EEOC Releases Technical Assistance Documents Regarding Opioid Addiction and the ADA

On August 5, 2020, the U.S. Equal Employment Opportunity Commission (EEOC) released two technical assistance documents addressing opioid addiction and employment. The EEOC defines opioids to include prescription drugs such as codeine, morphine, oxycodone, hydrocodone, meperidine, buprenorphine and methadone, as well as illegal drugs like heroin.

Employee Guidance

The first document is guidance for employees and explains that the Americans with Disabilities Act (ADA) may apply to employees “who are not engaged in the current illegal use of drugs and are qualified for employment.” The employee guidance clarifies that employees who are using opioids legally, are in treatment for opioid addiction or have recovered from their addiction are protected from discrimination and may be entitled to a reasonable accommodation under the ADA. If an employee is not disqualified by a federal law and his or her opioid use is legal (for instance, if taken to treat a medical condition), an employer cannot automatically disqualify an employee from a job because of the opioid use without consideration of whether there is a means for the employee to safely and effectively perform the job. In addition, opioid addiction (or opioid use disorder) is itself a diagnosable medical condition that can be an ADA-covered disability. Continue Reading

New York Southern District Vacates Several Provisions of the DOL’s Final Rule on the FFCRA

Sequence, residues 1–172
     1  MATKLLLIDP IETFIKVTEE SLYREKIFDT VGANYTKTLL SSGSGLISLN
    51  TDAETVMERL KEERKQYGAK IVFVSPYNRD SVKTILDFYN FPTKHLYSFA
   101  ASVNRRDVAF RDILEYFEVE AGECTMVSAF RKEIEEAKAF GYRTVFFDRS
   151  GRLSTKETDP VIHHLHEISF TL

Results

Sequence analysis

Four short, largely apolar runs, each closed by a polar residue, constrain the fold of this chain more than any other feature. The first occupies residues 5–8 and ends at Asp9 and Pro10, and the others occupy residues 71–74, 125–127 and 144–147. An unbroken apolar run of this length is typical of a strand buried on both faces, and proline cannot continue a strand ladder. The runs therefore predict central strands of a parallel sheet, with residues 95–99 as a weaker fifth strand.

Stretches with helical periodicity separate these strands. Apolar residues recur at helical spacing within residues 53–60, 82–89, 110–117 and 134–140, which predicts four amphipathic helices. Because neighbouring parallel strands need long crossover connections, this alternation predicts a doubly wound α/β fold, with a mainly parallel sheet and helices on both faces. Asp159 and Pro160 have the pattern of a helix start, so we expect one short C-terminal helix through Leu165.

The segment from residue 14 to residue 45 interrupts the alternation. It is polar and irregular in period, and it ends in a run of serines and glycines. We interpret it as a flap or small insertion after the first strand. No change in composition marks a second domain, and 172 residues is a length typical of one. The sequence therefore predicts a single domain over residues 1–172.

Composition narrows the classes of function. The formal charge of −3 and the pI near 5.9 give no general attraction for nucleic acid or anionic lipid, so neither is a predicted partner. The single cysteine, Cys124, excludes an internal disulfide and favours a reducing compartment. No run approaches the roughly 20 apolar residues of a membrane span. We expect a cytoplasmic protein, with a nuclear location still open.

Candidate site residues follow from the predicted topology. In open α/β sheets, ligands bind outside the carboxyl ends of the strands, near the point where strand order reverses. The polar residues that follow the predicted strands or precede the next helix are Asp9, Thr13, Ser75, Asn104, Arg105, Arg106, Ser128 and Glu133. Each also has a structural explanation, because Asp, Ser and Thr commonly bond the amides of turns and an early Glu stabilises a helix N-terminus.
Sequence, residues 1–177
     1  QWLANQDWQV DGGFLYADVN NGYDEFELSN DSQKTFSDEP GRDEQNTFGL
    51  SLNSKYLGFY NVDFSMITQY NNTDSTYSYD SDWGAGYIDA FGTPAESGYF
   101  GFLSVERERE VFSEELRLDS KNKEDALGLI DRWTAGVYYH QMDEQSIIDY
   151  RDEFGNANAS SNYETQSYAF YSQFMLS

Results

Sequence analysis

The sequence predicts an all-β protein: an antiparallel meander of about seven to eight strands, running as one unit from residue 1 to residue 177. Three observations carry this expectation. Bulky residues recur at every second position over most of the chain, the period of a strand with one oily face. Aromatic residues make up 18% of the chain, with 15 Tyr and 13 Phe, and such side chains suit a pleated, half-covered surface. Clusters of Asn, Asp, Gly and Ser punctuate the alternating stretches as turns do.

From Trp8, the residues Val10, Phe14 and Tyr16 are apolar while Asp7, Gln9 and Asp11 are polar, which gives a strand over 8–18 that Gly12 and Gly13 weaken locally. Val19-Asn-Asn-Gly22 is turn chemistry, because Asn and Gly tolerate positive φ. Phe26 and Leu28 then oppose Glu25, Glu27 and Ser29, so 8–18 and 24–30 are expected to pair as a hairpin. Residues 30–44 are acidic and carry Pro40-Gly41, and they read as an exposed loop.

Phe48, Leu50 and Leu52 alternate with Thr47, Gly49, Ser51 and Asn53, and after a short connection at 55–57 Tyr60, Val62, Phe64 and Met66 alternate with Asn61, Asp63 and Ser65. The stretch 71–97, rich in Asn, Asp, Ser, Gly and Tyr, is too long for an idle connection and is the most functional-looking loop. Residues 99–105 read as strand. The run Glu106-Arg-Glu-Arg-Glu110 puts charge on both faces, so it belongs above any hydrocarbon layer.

On August 3, 2020, the Southern District of New York issued a decision vacating certain provisions of the Department of Labor’s (DOL) Final Rule on the Families First Coronavirus Response Act (FFCRA). This ruling will be difficult and problematic for many employers and will create substantial uncertainty in the workplace.

The FFCRA, which was enacted in March, obligates employers with fewer than 500 employees to provide both emergency family leave and sick leave to certain employees who are unable to work because of the COVID-19 pandemic. On April 1, 2020, only weeks after the statute was passed, the DOL issued a Final Rule implementing the FFCRA, which the state of New York soon challenged in federal district court. That Court has now stricken four provisions of the DOL’s Final Rule. These provisions include a requirement that work be available to an employee to receive benefits, the definition of a “healthcare provider” exempt from some requirements, a requirement that the employer consent to the taking of intermittent leave and a requirement that documentation be provided prior to taking leave. The remainder of the Final Rule will continue to operate in the absence of these provisions. Continue Reading

NLRB: Being Abusive Is Not Protected Union Activity

Under the National Labor Relations Act (NLRA), a union member cannot be disciplined for forming or joining unions, bargaining collectively, or engaging in other activities for the purpose of collective bargaining, such as striking. But this protection does not immunize a union member from discipline for any type of inappropriate conduct while engaging in protected activity. The NLRB previously allowed union members significant leeway to engage in inappropriate conduct while exercising their protected rights, concluding that the NLRA’s protections “would be meaningless were we not to take into account the realities of industrial life and the fact that disputes over wages, hours, and working conditions are among the disputes most likely to engender ill feelings and strong responses.”